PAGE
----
“Meaningful service is service in which we never stop learning – about others, about the community, about ourselves, about why we need to serve and how to do it well.” - Kimberly de los Santos (2012-present)
The Pace Center celebrates the service leadership and social impact of its students and community partners with new events, awards and recognition.
Princeton University President Christopher L. Eisgruber ’83 signals a renewed commitment to service through campus-wide strategic planning by asking the question: “What must we do to make service central to the mission of the University?”
Students lead an international service trip to Peru to explore the impact of solar technology in rural communities.
The Pace Center publishes the Field Guide to Service, which provides simple steps and exercises to help the Princeton University community prepare, engage, and reflect effectively.
The Pace Center celebrates 15 years of helping Princeton students learn to do service well and have a positive impact in the community.
In honor of his father’s commitment to service at Princeton University, John C. Bogle Jr. and his wife, Lynn Bogle, give a gift that establishes the John C. Bogle ’51 Fellows in Civic Service program.
In the midst of the humanitarian refugee crisis in Greece, the Pace Center collaborated with Karen Emmerich, assistant professor in the Department of Comparative Literature, to organize a six-week summer trip to support non-governmental organizations and volunteer groups aiding refugees from Syria, Iraq, and Afghanistan.
The Pace Center welcomes its first Community Partner-in-Residence, the Rev. Karen Hernandez-Granzen. In this role, community partners bridge campus and community offering student advisement and more. Subsequent Community Partners-in-Residence join in the academic years ahead (Cherry Oakley, 2018; Benjamin Thornton, 2019).
The Pace Center and Professor Emmerich follow their summer trip to Greece to support refugee organizations with a second trip during intersession.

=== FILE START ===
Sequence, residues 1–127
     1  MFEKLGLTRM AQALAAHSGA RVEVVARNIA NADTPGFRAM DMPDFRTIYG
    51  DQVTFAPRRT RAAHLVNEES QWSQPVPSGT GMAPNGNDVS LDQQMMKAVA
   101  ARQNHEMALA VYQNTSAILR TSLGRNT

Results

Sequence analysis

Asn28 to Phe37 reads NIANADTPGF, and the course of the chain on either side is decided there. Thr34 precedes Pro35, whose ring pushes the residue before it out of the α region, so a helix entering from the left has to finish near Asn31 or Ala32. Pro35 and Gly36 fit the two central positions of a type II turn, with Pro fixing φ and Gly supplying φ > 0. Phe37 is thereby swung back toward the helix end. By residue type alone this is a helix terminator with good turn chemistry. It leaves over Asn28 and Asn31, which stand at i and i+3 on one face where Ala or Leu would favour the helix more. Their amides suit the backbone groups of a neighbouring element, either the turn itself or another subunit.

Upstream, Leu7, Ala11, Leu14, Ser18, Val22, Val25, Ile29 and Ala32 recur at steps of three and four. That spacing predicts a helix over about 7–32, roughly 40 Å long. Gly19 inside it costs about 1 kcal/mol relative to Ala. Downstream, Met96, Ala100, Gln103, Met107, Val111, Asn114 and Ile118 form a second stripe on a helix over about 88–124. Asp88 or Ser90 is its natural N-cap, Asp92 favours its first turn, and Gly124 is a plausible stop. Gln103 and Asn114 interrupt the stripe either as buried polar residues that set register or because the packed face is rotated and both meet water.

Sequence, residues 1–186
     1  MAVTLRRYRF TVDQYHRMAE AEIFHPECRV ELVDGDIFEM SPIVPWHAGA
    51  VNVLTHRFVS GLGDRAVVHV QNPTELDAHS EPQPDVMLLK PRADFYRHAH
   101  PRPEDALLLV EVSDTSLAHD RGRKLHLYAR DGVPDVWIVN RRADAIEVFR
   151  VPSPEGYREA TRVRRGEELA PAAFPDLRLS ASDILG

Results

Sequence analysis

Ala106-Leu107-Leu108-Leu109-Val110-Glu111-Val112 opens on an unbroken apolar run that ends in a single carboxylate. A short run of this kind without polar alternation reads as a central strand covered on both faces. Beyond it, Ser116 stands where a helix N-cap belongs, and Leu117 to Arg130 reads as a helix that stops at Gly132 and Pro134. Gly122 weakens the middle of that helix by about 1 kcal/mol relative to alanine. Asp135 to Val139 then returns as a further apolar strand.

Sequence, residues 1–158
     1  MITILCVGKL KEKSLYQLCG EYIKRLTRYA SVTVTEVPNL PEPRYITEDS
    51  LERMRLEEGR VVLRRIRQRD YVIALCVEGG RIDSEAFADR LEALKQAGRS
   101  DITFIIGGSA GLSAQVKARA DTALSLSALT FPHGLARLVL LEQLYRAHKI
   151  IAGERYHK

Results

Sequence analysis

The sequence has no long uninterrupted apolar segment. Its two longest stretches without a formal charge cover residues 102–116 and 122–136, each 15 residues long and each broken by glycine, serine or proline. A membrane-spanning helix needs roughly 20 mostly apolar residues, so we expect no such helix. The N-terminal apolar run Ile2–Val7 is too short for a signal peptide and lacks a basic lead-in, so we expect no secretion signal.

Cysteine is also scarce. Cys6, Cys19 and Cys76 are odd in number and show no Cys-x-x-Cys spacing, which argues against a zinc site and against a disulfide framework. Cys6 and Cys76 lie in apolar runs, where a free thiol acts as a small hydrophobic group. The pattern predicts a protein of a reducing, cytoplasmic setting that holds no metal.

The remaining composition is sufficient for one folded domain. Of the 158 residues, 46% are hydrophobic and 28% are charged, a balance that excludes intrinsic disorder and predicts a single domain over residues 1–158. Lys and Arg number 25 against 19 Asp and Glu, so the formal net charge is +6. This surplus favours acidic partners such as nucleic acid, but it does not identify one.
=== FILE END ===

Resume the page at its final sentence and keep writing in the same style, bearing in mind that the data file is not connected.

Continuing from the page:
Service Focus, a collaboration between the Office of the Dean of the College, the Office of the Vice President for Campus Life, and the Pace Center, launches to provide a yearlong intensive experience for undergraduate students across the sophomore year.
In collaboration with graduate student organizers, the Pace Center brings together undergraduates, graduate students, and community members for a year-long Organizing Praxis Lab, which sought to help participants learn and hone skills of organizing for social justice.
Trenton Arts at Princeton (TAP) is formed as a collaboration between the Department of Music, the Lewis Center for the Arts, and the Pace Center to build a multi-disciplinary community of artists across Princeton and Trenton, NJ through youth programming, student leadership, community performances, and more.
Student organizations with the Pace Center and Office of the Dean of Undergraduate Students (ODUS) team up to host a three-part Grassroots Organizing 101 workshop series bringing local activists together with undergraduate and graduate students for practical trainings on on- and off-campus community organizing.
Princeton Internships in Civic Service (PICS) becomes a University program with the Pace Center.
The Pace Center awards Alan Kaplan, lecturer in the Department of Computer Science, and Arcadio Díaz-Quiñones, the Emory L. Ford Professor Emeritus in the Department of Spanish and Portuguese, the center’s first Community Engagement Awards. This award is given to Princeton faculty, administrators, and community partners who demonstrate an extraordinary commitment to service and social justice that transcends the classroom.
In January, prior to the start of the global COVID-19 pandemic, the Pace Center sponsored a trip to San Juan, Puerto Rico for students to learn how protestors used art as a tool of activism to cultivate community, joy and collective dignity, as well as pressure to initiate change.
The Pace Council for Civic Values transitions to become the Civic Leadership Council, focusing on community-building and professional skill development for Princeton students.
In response to persistent, recent, and continuing acts of systemic racism, the Pace Center initiates Princeton RISE (Recognizing Inequities and Standing for Equality) fellowships to address inequalities and injustices, particularly anti-Blackness, and to foster enduring and sustained commitment to civic engagement.
Following the impact of the global COVID-19 pandemic, the Pace Center shifts to respond to community need with virtual service and civic education opportunities, such as the Summer Food and Nutrition program and Princeton Online Tutoring Network.
The Pace Center celebrates 20 years of making service and civic engagement a central part of the Princeton student experience so that students can respond to the needs of the world in responsible ways.
The Princeton Advocacy and Activism Student (PAAS) Board, forms to support the Pace Center’s student organizations.